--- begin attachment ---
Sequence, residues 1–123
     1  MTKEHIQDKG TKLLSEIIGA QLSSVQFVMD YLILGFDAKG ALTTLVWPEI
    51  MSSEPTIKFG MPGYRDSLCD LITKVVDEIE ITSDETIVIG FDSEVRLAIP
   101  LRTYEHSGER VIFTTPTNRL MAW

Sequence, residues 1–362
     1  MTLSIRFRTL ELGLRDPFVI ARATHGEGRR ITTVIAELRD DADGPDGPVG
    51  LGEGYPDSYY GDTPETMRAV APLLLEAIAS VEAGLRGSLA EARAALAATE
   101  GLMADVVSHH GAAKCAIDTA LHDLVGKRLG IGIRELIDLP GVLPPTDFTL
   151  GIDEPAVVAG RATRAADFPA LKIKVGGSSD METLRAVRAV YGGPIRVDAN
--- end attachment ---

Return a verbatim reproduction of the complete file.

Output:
Sequence, residues 1–123
     1  MTKEHIQDKG TKLLSEIIGA QLSSVQFVMD YLILGFDAKG ALTTLVWPEI
    51  MSSEPTIKFG MPGYRDSLCD LITKVVDEIE ITSDETIVIG FDSEVRLAIP
   101  LRTYEHSGER VIFTTPTNRL MAW

Sequence, residues 1–362
     1  MTLSIRFRTL ELGLRDPFVI ARATHGEGRR ITTVIAELRD DADGPDGPVG
    51  LGEGYPDSYY GDTPETMRAV APLLLEAIAS VEAGLRGSLA EARAALAATE
   101  GLMADVVSHH GAAKCAIDTA LHDLVGKRLG IGIRELIDLP GVLPPTDFTL
   151  GIDEPAVVAG RATRAADFPA LKIKVGGSSD METLRAVRAV YGGPIRVDAN